Monday, May 16, 2011
Between Two Ends: David Ward
Some books are so good that you want to get lost in them. You want to wander the streets of Revolution's France, smell the salty Sea Wolf's air, and wish upon Pinocchio's stars. What story would you choose to wake up in?
Yeats is a smart kid. He knows that his dad, William, has been depressed for a very long time and that his parents are on the verge of divorce. He also knows that for some reason, this trip to his grandmothers house is a last ditch effort to save his father's sanity and marriage. Gran's house is old and kind of creepy, filled with strange and timeless wonders. Gran has one house guest, Mr. Sutcliff, who is the grandfather of a girl that William knew when he was a kid. As children, Shari and William played together and read through the books in the magical library. When Shari disappeared, William was devastated. He couldn't remember anything about her disappearance, leading him to believe he had gone insane. Shortly after arriving at Gran's house, while the adults talk about magic and history, Yeats wanders into the garden where he finds a bronze pirate bookend. When he replaces the bronze pirate in the library, he unknowingly reunites a pair of magical bookends that make him an offer. The pirates, known as Skin and Bones, have the ability to take Yeats into any story he wants. Having heard that William and Shari once got lost in the story of 1001 Arabian Nights, Yeats decides to go into the story where he believes Shari has been living for the last twenty years. What seems like a simple plan to find Shari and bring her home turns into a wild adventure that threatens to cost Yeats his life.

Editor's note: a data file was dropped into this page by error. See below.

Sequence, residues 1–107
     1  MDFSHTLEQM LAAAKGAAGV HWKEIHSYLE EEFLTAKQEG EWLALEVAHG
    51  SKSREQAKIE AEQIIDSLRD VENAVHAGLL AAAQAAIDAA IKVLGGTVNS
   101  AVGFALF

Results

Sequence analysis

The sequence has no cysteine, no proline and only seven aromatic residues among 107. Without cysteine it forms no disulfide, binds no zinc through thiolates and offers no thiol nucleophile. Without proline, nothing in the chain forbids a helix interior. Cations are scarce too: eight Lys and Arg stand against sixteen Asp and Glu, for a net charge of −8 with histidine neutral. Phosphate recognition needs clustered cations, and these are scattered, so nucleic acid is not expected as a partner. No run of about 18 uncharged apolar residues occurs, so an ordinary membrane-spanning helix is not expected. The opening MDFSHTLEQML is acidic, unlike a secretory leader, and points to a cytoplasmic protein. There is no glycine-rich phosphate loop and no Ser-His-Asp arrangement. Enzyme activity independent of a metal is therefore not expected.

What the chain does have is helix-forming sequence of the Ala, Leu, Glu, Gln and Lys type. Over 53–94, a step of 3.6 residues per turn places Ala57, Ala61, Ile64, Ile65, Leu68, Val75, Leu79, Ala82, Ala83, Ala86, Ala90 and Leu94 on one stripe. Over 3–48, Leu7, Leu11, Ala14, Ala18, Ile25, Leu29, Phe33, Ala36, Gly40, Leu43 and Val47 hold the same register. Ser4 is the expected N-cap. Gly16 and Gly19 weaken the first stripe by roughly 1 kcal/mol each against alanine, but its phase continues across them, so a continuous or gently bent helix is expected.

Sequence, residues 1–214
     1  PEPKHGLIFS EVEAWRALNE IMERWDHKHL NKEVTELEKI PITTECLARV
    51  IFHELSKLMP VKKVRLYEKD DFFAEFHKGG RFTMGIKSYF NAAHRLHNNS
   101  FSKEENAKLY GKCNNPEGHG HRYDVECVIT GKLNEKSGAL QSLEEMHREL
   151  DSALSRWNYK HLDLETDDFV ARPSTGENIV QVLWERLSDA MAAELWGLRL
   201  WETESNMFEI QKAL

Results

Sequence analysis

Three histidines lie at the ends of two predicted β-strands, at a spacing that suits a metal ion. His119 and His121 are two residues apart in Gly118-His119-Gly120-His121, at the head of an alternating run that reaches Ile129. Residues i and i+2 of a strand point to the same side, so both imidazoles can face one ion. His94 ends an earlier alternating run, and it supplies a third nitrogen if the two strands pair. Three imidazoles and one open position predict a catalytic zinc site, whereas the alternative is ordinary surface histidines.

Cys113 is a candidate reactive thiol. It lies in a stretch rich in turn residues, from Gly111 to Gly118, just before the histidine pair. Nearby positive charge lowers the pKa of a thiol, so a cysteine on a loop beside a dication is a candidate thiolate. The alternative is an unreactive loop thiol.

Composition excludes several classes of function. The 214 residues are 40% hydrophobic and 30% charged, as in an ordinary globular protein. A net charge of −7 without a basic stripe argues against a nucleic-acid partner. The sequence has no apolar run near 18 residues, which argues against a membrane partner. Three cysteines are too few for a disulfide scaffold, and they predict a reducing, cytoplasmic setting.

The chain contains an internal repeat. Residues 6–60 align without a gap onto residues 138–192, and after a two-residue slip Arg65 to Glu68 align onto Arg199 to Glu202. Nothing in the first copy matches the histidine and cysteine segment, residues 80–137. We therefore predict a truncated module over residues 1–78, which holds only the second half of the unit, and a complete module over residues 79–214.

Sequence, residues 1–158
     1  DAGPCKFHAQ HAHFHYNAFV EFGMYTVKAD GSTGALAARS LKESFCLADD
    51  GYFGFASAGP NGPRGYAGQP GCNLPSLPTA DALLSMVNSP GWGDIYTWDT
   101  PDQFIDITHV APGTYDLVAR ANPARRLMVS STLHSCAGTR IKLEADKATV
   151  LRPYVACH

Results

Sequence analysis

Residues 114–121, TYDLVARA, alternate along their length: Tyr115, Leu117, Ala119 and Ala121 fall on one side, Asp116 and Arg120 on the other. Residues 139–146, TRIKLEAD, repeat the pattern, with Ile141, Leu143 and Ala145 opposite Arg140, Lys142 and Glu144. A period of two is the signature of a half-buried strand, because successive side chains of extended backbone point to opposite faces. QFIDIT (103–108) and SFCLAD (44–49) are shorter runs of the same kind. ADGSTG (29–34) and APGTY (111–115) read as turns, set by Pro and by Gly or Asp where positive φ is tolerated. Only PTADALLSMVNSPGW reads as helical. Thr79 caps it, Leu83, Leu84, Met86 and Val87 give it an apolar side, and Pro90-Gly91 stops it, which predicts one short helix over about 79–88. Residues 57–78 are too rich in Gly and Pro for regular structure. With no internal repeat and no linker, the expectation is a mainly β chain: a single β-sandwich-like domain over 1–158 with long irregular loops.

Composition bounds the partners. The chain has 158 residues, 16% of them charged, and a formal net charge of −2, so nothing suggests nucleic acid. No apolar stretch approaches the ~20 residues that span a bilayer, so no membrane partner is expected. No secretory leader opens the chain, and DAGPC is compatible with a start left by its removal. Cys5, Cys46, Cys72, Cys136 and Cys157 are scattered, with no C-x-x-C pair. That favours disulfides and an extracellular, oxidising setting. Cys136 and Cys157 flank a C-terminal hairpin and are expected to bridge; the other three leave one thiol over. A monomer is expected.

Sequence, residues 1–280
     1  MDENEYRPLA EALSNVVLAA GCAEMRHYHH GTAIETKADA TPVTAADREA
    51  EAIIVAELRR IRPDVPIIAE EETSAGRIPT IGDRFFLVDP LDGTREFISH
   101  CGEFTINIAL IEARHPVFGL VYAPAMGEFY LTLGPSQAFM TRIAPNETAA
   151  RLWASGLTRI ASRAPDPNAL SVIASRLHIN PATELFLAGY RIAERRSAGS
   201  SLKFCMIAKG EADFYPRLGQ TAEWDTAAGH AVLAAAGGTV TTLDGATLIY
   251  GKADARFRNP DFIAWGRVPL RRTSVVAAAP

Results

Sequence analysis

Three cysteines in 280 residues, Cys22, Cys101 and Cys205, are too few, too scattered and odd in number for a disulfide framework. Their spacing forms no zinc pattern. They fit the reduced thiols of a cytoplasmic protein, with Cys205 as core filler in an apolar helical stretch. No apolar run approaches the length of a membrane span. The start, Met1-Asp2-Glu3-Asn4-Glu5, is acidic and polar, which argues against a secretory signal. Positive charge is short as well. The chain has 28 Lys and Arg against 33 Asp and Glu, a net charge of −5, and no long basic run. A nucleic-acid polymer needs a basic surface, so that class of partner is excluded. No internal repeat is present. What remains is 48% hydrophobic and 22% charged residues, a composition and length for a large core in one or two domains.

Yeats is kind of an average kid. There's nothing spectacular about him, which might be his appeal. However, he does seem incredibly courageous, which is kind of a necessary quality for a young hero. I really enjoyed the characters of Skin and Bones but I had a hard time finding the differences between them--I guess pirates are all one and the same. I was okay with that, though, because after all, they're only bookends so they don't have to be multi-dimensional characters. Shari was the weakest character in my opinion. Her transition from the role of Shaharazad back to her Shari self was a little too tidy for me. She strikes me as a somewhat typical ingénue, showing sparks of bravery and gumption, but never really filling out her character. Also, I would have liked to see more of Gran. She seems like a spunky old lady who could have so much more to say. The way the book left off, I can't help but think that there's another one (or two) in the works, so maybe we'll see the characters evolve a bit in the future.
It seems like magic is a common theme in young adult books these days. I suppose that's because magic offers so many limitless possibilities. I admit that I enjoy a good magical story, but I especially love the combination of magic and books. The magic that I see in real life can always be explained in some way, but in a story magic doesn't have to have logic. No science required. David Ward has created a delightfully magical story in which characters boat through the sea of words to get to the living lands of a book, and fight for their life to return to reality.
ARC received courtesy of Abrams Books